It has to be said first of all that New Zealand is a very safe country. Nevertheless, the two greatest threats are natural disasters, and ourselves. Let's get a bit more in-depth about the safety regulations to try to minimize the risk as much as possible.
You are most probably visiting New Zealand with a Working Holiday Visa which means you are on vacation. So take it easy and don’t hurry anywhere. Consider that you will be driving on the left side of the road (and shifting gear with your right hand). Everything will be new for you which you will need to adapt to which can take a few days. Adapting in full takes longer than it may seem so drive safe. For more information about driving read the separate article Driving.
Unexpected circumstances can be especially caused by weather which can change very quickly in New Zealand. So always have plenty of warm and waterproof clothing at the ready, even on a relatively sunny day. Also, use sun protection every time even if it is cloudy because the ozone layer there is very thin.
Quick weather change can also bring with it tropical cyclones with strong torrential rains and rapid floods or strong winds that sweep trees or break stones off rocks. In the case of such forecasts, it is better not to stay in places around tall trees or in lowlands and dikes where water can easily accumulate.
It is also good to have respect for the ocean. It’s not like in Croatia where you can fall into the water whenever and wherever you want. The ocean here is wild and strong and not always in a good mood. Currents are constantly changing. Do not swim alone, do not swim too far from the shore, and at some places, you should not swim at all. Stay away from the coast when kayaking and stay informed about currents before you go in the water. Always wear safety equipment such as vests and helmets.
Have you noticed how New Zealanders always carry big backpacks while mountain hiking? Better believe that they have good reason to do so. You should always have a first aid kit, warm and waterproof clothes, extra food, plenty of water and so on. They simply know that unexpected circumstances can always come up in nature.
So whether you decide to go for a longer hike yourself or in a group, do not forget to always follow the basic safety precautions:
- Learn about the current status of the route
- Take a good look at the route map
- Find out the weather forecast
- Always tell someone the plan of your route, the number of people on the trip and the planned return
- Keep quality shoes and plenty of warm and waterproof clothing
- Protect yourself from the sun (sunscreen, glasses, and headgear)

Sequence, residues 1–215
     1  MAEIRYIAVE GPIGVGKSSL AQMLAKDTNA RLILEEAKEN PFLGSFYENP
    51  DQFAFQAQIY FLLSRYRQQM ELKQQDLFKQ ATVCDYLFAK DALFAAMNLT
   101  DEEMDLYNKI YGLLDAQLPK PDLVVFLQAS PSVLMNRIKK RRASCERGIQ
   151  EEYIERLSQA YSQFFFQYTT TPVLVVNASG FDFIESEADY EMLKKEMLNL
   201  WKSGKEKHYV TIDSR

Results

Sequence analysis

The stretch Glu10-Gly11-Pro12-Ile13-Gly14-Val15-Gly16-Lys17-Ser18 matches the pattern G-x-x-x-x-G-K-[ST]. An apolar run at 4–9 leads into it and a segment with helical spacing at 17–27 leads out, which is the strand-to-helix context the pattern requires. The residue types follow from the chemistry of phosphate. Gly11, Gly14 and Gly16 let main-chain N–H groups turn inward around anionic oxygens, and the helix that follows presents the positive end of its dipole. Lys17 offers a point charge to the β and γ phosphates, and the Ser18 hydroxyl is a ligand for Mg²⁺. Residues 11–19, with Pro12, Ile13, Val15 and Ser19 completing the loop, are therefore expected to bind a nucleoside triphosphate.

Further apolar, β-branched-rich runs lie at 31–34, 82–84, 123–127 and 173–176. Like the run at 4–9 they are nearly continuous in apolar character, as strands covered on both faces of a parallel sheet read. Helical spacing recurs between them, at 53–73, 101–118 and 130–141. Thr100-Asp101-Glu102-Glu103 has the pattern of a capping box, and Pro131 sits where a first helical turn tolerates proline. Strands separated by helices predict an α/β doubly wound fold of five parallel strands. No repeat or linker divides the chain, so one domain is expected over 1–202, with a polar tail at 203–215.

- Find out where the drinking water sources are and always have enough
- Take enough food for the whole journey
- Do not forget to fully charge the mobile phone you carry with you (but do not rely on it, you will probably be out of the signal)
- Always carry a first aid kit with you if you need first aid
- According to the route plan, do not forget to pack a cooker, a warm sleeping bag and more ...
We recommend a quality reliable travel insurance TrueTraveler to keep your mind relaxed in case of any problem.
If you get into the trouble, do not waste your time and report your situation on the phone number of the rescue service 111. Do not hesitate even if you can not connect or get any information about friends who did not return from the planned trip at the appointed time. Every minute could be important.
Almost everyone in New Zealand has some experience with earthquakes. The eastern coast of South Island is still recovering from the one in 2011. The earthquakes might also be followed by Tsunamis, that’s why escape zones are always highlighted at all public beaches. If you are so unfortunate to experience such an event, it is good knowing what to do, and always look out for after shakes.
Rain can come very suddenly and be very heavy for very long, which could close the roads and flood the cities. Parking and sleeping close to the water can often look romantic in the evening, but not every river will look as romantic the morning after those rains. Therefore, while parking, think not only of the distance from water but also of what you are on- concrete is better than a wooden dock.
It is probably good to realize that just like with any place in the world the best cure for crime is prevention. It usually has higher rates in cities and decreases the further away from civilization one is. Do not leave your valuables, electronics, or money without supervision and never leave them visible on the seats of your car while parking.
RULES AND REGULATIONS
There are many rules and laws and local people have a considerable amount of respect for them. Fines for speed or unfastened seatbelts may be high and there is usually no bargaining with police officers. Public toilets are almost everywhere and free so please use them. Also, respect the fire and fishing regulations.
You can often find cheap camps that do not provide trash bins. Anything to keep the price as low as possible. If you want to use these camps and appreciate their prices then respect the rules, keep the place clean and take all garbage with you. You can dispose of od it in the city or in special places called dump stations (you can find them in one of the travel apps that we've been written about in the article Apps and Websites). If caught of littering, you may be fined $200 just like if caught camping outside of camping sites.
We hope that we did not scare you too much but we just felt an obligation to remind you that moving to a different region brings with different morals, and in a foreign country it is always a good idea to proceed with respect to their rules, because nothing is easier than getting into trouble.